4 Characteristics of High Morality and How to Improve It
As explained in the previous article, morality involves psychological elements in humans: emotion, cognition, awareness, and intuition. Then, what are the characteristics of high morality?
More broadly, there are actually many moral dimensions. Not limited to the psychological dimension, but also into social topics.
However, it should also be underlined that the key to the harmonization of society is in the individual’s morals. So, it becomes very important for us to start learning to be moral human beings.
Apart from being individuals, we all agree that we are also social beings. That is, each individual has a relationship with other individuals, in a positive or negative direction.
Characteristics of High Morality
No human survives without the help of other humans. Therefore, it is important for us to be moral human beings, so that we can maintain social harmony. Below are some of the characteristics of high morality in a human being.
1. Fulfilled psychological needs
Being a human being with high moral characteristics, is usually able to meet individual psychic needs. Baron & Byrne (2005), mentions, in some cases helping people can make people feel good. On the other hand, if the help doesn’t work, it creates negative emotions.
2. Have behavioral control
People with high morality also have good control in controlling their behavior. Because, if he commits even the slightest immoral act, a feeling of guilt will overwhelm him.
So, he will always try to do good, so as not to be enveloped in guilt. Unlike people with mental disorders, psychopaths, for example, enjoy their behavior when killing. He gets satisfaction while committing such immoral acts (Levin & Fox, 2008)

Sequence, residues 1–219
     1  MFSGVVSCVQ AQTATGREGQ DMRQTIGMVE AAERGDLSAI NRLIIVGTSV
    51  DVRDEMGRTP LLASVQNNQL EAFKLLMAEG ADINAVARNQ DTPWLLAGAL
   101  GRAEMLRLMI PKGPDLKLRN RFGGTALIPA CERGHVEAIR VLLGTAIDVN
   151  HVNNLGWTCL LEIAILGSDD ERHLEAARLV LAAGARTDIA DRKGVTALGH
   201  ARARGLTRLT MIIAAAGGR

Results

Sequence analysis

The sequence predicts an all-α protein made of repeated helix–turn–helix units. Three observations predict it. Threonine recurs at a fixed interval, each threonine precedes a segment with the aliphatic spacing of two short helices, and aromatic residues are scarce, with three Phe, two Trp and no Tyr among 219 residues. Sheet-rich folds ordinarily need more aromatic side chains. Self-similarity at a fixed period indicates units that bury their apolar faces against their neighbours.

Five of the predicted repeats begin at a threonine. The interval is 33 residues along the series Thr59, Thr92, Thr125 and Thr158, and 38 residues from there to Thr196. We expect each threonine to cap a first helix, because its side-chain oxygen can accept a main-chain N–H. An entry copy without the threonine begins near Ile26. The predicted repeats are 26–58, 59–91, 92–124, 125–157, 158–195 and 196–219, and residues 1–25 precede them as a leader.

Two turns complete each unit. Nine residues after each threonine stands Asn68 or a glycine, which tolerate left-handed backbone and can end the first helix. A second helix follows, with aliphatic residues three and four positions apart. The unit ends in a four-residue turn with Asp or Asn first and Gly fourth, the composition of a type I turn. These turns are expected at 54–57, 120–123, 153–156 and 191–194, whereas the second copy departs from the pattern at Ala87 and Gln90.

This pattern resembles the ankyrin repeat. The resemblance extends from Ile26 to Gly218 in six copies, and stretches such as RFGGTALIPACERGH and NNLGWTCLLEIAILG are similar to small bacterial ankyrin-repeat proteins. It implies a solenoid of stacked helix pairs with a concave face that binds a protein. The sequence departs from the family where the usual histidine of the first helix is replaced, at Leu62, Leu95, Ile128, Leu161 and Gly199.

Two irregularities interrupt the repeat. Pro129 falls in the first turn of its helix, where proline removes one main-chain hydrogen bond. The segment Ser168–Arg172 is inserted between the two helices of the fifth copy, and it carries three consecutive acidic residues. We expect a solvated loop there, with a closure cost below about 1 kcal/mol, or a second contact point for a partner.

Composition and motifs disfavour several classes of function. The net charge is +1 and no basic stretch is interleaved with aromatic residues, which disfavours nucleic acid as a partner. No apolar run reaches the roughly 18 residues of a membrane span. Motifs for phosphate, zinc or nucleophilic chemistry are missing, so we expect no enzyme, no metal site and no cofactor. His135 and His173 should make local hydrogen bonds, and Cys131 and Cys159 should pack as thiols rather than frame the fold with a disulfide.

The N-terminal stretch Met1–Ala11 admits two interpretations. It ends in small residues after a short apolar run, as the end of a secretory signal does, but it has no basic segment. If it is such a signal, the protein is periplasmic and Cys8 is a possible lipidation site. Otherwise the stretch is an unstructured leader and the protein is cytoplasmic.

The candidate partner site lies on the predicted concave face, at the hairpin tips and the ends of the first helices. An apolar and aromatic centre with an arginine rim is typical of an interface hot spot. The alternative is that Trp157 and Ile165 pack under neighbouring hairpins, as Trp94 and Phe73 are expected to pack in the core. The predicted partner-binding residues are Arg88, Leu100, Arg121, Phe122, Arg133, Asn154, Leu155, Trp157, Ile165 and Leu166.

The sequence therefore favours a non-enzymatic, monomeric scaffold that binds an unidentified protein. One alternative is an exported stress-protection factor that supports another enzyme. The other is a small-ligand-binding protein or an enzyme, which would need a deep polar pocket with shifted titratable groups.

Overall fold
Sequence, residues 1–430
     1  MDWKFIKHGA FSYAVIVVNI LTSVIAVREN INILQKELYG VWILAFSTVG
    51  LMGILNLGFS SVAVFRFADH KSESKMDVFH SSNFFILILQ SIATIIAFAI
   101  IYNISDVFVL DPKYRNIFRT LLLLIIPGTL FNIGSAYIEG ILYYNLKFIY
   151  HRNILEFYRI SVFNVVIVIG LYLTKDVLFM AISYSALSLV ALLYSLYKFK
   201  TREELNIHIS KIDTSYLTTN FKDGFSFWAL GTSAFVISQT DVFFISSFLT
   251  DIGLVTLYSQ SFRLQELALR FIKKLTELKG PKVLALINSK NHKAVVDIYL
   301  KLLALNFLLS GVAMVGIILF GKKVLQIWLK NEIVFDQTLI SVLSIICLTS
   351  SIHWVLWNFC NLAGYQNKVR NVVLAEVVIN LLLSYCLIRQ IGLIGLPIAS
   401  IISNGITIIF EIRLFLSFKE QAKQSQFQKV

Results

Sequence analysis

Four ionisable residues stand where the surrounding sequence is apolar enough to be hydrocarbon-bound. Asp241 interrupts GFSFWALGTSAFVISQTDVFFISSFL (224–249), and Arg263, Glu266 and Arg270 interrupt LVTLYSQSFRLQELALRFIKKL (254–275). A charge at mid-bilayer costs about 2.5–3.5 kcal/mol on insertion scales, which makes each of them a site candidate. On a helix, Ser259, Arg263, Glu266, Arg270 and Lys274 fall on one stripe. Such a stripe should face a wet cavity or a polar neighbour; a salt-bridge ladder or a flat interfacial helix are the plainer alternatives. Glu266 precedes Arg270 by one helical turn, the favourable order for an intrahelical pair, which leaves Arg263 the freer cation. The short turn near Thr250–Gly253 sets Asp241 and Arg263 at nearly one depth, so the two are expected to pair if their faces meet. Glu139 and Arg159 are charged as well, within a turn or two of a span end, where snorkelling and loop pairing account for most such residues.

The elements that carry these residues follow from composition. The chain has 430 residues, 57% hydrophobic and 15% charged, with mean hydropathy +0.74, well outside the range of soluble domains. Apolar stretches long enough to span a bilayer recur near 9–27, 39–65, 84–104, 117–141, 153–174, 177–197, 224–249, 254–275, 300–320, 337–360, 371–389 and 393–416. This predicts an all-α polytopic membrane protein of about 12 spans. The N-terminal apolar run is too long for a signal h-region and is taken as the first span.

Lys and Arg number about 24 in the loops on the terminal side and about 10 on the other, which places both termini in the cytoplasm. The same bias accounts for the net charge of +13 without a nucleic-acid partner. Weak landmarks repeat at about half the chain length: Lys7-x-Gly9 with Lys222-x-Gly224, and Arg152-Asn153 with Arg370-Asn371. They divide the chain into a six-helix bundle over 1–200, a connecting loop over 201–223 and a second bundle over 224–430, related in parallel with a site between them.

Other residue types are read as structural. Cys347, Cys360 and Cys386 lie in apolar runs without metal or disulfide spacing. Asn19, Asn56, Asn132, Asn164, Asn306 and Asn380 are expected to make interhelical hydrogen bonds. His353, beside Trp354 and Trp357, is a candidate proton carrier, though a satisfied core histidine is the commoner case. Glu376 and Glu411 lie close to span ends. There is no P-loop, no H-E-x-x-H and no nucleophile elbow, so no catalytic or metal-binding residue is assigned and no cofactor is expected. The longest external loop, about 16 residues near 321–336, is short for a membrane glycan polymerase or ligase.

3. Good for building social relations
Nadira Quamira at ruangpsikologi.com in her article entitled “The Importance of Networking for Careers” reviews the importance of networking to support a career. But, does anyone want to build social relations with people who like to rob, rape, or kill?
Obviously no one wants to build relationships with immoral humans, except for those who are immoral too. From this, it can be concluded that being a moral person can support our careers in the future.
4. Social justice
Cases of corruption in Indonesia, or other legal cases, will not occur if morals are the basis of reasoning. Because, for those who are motivated by moral integrity, considerations of virtue and justice (Baron & Byrne, 2005). Politicians, lawyers or other state actors, not only choose policies that are useful for themselves, but also benefit society in general (Haidt, 2007).
Perhaps, the four characteristics of high morality above are only a small part. We ourselves are very sure there are many other characteristics as well as benefits that can be felt for humans themselves.
The simplest way to bring up the characteristics of high morality is if it is done from a young age by the environment and family, as well as educational institutions. However, it is never too late to learn. We who have become adults can also begin to monitor our own morals so as not to harm others.
How to Improve Morality
From several references to morality from a psychological point of view, here are some formulas to improve human morality.
1. Changing social perception